Were you a Daddy’s girl? I was. I remember my Dad sitting at his desk working while I played the piano next to him for hours. He was a wonderful audience and always so supportive, never suggesting I take a break. Since I was usually making up stuff, that is pretty amazing! Back then, my parents were told that my hands were too “small” for piano lessons. Fortunately after several years of playing by ear, they tried again and found a teacher for me!
With Father’s Day in the summer, Dads are often left out when it comes to student-made gifts. So if you are teaching in June, here is a composing activity for a Father’s Day gift.
This music is actually a remake of the one I posted about 8 years ago. I updated the entire page and even changed the hand position.
As you can see, the left hand is not in Middle C position. I have found that if students get used to putting their hands in different positions from the beginning, they learn to read by intervals easier. However, every teacher is different so feel free to “white out” finger numbers.
If you’re new to beginning composing pages, here is how to use the pre-reading page – the one without a staff.
- The student plays the part of the page that has words using finger numbers.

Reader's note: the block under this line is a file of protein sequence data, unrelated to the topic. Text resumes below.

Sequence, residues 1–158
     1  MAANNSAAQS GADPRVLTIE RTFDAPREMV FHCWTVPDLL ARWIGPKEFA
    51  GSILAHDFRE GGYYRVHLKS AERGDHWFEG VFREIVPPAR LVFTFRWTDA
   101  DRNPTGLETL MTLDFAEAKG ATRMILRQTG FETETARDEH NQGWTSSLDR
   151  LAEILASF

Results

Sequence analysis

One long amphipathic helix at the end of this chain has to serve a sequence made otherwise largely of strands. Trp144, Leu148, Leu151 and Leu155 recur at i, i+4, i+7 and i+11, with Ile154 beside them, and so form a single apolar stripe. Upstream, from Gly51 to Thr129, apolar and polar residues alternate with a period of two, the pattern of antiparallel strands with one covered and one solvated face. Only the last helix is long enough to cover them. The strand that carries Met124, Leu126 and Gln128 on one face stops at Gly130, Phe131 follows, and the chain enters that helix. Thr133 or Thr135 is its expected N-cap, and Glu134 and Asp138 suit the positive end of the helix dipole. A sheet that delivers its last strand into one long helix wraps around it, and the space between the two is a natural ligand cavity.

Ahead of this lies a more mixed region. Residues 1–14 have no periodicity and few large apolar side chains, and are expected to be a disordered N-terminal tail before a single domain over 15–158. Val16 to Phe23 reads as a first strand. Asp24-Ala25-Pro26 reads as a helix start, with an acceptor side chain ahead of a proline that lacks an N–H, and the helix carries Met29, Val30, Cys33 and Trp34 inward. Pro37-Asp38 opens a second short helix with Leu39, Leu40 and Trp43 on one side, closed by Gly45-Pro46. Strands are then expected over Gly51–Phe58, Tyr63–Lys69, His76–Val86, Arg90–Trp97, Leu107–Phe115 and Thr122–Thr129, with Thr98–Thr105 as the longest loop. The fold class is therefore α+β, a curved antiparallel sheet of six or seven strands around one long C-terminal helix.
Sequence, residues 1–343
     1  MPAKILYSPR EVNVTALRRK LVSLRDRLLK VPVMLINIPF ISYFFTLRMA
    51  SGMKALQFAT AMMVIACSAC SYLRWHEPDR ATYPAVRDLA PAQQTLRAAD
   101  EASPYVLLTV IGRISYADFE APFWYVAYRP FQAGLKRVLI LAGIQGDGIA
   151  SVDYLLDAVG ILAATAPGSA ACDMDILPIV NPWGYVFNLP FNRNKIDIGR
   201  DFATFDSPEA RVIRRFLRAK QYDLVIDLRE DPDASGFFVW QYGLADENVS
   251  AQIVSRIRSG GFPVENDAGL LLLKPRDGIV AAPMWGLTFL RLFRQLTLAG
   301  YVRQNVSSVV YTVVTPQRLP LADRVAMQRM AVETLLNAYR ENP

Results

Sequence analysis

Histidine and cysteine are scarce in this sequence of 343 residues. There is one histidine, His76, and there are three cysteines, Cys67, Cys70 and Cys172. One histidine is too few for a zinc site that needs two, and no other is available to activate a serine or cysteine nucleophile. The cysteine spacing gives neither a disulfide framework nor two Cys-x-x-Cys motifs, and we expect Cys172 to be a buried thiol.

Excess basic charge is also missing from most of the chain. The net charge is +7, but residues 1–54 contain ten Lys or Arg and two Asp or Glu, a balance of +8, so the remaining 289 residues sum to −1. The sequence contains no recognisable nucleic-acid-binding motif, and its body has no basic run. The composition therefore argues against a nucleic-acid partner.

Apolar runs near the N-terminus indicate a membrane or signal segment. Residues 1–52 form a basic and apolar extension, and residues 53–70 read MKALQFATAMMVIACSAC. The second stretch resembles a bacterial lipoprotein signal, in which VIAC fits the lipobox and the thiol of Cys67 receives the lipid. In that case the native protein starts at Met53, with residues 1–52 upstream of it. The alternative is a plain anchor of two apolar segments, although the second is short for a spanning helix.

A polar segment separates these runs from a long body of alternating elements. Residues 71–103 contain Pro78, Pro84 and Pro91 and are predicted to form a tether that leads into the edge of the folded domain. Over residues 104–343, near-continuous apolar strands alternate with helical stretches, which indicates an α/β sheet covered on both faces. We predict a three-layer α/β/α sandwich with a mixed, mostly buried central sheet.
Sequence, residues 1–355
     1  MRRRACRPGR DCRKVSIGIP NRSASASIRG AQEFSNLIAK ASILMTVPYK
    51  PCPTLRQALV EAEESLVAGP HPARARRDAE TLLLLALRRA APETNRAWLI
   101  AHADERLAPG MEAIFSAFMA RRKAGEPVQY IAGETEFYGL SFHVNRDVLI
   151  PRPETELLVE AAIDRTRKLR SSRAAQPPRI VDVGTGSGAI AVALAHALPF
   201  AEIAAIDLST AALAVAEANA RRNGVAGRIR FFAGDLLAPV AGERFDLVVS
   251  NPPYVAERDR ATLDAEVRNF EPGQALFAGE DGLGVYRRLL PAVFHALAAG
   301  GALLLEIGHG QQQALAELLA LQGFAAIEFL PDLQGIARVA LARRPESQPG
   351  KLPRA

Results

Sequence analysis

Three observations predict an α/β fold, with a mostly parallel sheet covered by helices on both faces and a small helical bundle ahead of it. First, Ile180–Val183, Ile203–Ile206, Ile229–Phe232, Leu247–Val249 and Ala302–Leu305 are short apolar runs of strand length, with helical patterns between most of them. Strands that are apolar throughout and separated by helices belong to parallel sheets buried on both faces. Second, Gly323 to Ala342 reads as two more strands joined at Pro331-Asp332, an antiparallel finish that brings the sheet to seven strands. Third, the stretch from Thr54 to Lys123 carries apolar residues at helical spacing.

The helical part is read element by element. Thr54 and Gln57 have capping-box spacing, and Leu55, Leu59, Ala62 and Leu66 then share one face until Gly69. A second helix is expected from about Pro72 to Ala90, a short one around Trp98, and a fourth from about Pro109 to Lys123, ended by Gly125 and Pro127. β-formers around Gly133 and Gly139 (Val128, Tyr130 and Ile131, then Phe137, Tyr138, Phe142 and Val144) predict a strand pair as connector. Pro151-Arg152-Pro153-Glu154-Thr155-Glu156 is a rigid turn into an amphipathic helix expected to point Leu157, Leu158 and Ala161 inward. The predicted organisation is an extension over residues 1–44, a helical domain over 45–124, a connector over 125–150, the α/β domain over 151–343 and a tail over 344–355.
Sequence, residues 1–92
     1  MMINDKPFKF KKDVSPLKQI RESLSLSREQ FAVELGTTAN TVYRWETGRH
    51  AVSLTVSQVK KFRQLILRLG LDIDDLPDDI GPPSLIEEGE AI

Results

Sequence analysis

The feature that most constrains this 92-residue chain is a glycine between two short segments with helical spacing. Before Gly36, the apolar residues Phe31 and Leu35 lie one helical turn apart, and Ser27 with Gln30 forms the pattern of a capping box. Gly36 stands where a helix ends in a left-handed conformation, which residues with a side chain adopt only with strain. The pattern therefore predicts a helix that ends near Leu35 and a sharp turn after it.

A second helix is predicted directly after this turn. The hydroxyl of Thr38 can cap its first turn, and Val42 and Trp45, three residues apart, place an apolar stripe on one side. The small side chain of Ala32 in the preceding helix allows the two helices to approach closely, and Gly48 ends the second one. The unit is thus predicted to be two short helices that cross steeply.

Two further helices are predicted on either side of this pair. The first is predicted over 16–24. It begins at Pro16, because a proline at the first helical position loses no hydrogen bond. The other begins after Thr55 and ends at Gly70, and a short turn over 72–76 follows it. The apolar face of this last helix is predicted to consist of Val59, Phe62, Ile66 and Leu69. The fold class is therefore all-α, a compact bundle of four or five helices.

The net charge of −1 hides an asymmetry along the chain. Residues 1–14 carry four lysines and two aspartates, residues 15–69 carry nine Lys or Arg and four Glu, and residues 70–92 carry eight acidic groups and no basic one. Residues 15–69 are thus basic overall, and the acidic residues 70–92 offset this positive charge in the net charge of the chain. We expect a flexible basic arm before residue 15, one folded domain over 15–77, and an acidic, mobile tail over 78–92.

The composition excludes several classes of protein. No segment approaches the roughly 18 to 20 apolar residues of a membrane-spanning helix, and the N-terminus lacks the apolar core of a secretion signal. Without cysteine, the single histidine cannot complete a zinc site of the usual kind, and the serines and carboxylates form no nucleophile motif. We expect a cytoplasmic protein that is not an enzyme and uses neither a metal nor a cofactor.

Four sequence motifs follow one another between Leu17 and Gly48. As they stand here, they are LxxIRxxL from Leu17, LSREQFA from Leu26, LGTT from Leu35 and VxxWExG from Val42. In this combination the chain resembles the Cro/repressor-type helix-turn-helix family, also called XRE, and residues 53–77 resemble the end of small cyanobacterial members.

- The student makes up a tune to fit the rhythm in the part with stars, using the rhythm above the stars. The last note should be C.
- Students write the finger numbers of their melody in the yellow stars.
- Some students also like to write words.
I use this as a way to introduce how to write a melody, so I instruct students to end on the key note, which in this piece is C. Encourage him/her to move down or up an octave. It is fun to discuss how Dads have low voices, so my students like to move down to the bass notes for the last four measures.
Writing music on a staff is difficult for children.That is why we break it down into small steps. Since the rhythm is given to them, they can concentrate on the melody.
Of course, students also love to doodle around and make up their own pieces, like I used to do for my Dad. I encourage my beginners to memorize these “compositions” because the music is usually beyond their abilities to write down.